“My father suffered a religious conversion but as far as I know he has not got over it.”

In both cases, these identities allow her parents to undermine Sofia’s sense of self: her father simply ceases to see her, as if she were no longer his daughter; her mother reduces her to the role of carer, even complaining about her to Gomez:

“Sofia is lazy when it comes to putting a glass of water by my bed at night.”

At times Sofia finds it difficult to separate herself from Rose. Shaking Gomez’s hand on behalf of her mother she thinks, “Her arm is my arm.” Later on the beach:

“Sometimes, I find myself limping. It’s as if my body remembers the way I walk with my mother.”

From the moment we meet Gomez we sense that he is suspicious of Rose’s illness:

“His tone was vague. Vaguely mocking and vaguely amiable.”

He encourages her to reduce her medication, and the treatment becomes a battle of wills as Rose refuses to admit her health, even suggesting she might have her feet amputated. However, Gomez gives Sofia courage, as does her holiday romance with Ingrid, a woman, she admits, who is “not a safe person to love.” Just as Sofia struggles to see herself, so too she finds it hard to visualise Ingrid or the relationship clearly. She first meets Ingrid when she thinks she is a man in the Ladies’ toilets. Later, Ingrid gives her a blouse with a word stitched into it, but it is a different word to the one Sofia reads there.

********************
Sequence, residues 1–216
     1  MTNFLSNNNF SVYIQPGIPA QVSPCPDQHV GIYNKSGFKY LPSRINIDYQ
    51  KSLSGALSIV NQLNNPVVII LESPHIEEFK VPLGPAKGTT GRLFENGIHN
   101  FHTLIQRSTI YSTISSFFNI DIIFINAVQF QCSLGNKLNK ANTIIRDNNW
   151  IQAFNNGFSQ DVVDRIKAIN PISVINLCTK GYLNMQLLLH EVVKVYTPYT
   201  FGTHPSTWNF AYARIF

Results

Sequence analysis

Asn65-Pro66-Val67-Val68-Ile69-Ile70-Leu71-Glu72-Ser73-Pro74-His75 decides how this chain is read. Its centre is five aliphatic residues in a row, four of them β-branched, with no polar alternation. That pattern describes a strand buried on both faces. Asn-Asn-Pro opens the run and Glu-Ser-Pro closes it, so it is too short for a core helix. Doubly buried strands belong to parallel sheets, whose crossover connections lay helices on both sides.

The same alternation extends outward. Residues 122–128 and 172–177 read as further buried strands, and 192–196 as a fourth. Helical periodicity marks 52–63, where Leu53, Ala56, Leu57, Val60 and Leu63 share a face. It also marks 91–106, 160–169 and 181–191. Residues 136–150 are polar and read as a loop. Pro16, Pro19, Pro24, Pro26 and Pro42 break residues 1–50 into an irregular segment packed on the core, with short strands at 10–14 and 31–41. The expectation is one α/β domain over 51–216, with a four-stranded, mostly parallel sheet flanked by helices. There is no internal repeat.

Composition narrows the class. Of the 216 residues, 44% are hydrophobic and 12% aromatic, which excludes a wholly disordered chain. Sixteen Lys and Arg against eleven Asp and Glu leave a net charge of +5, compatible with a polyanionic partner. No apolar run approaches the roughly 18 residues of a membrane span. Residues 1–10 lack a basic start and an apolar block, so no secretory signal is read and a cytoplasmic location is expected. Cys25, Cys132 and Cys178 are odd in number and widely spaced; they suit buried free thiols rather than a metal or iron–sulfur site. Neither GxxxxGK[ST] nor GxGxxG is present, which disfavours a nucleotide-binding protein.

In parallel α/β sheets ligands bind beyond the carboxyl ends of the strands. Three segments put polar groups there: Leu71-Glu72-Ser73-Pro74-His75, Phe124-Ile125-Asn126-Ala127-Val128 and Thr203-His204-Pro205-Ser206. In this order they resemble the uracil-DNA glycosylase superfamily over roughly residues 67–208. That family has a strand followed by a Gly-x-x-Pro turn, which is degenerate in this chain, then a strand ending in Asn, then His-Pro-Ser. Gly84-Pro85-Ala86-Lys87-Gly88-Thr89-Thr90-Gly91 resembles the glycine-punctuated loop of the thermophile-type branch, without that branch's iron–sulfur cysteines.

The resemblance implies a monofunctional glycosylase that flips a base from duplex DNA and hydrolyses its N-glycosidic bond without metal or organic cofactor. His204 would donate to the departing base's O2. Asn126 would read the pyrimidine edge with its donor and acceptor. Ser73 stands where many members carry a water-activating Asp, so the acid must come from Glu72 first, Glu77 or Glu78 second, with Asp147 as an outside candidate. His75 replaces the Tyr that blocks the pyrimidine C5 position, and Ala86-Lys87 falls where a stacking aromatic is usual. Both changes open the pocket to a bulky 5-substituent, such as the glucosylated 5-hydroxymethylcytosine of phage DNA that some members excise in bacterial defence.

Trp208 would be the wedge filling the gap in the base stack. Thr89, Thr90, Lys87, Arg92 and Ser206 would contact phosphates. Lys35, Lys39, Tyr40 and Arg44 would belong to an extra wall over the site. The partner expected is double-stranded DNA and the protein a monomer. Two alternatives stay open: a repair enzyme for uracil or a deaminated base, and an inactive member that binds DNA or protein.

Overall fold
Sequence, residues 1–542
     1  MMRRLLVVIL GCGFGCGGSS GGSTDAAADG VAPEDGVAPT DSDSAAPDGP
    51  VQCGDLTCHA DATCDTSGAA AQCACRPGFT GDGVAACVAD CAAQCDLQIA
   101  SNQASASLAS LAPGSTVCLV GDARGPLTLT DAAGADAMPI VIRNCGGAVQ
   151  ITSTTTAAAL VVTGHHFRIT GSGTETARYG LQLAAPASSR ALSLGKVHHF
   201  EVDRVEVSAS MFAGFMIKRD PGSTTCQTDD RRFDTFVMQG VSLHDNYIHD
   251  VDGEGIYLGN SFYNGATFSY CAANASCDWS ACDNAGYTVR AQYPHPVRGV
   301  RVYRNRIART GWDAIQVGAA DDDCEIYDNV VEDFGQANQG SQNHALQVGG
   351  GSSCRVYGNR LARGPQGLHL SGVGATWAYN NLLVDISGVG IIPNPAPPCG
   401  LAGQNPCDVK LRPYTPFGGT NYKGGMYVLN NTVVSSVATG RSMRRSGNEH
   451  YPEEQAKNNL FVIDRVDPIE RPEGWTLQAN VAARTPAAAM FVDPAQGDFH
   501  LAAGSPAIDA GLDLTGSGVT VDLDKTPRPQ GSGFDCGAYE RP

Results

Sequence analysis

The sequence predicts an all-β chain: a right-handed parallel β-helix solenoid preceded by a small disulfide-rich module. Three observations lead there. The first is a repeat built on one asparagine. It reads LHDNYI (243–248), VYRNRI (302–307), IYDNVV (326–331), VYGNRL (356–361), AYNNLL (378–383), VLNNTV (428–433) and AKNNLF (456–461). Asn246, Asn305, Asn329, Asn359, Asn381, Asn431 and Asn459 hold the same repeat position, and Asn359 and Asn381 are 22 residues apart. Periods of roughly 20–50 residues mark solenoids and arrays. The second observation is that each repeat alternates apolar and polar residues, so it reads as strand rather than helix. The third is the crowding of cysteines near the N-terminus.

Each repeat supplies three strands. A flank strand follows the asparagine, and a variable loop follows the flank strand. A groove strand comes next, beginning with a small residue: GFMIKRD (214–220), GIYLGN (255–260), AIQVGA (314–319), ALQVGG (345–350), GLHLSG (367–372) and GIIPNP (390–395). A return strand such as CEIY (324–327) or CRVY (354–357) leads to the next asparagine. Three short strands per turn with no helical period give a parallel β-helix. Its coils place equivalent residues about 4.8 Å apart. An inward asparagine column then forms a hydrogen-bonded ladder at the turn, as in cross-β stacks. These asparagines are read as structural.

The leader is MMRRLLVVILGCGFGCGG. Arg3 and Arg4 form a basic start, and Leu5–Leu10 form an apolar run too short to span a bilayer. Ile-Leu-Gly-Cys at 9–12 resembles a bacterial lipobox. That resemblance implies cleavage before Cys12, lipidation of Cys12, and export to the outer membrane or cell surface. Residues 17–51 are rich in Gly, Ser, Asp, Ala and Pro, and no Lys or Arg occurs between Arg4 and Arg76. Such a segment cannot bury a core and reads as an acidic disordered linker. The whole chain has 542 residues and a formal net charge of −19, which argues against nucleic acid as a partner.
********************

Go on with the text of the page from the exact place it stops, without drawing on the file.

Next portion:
The novel is the story of Sofia’s attempt to free herself, just as she wants to free the dog of owner of the diving-school, Pablo. But, as Ingrid points out, freedom is never straight-forward:

“There is a problem, Zoffie. Pablo’s dog has been badly treated. He will not know what to do with his freedom. The dog will run through the village and eat all the babies.”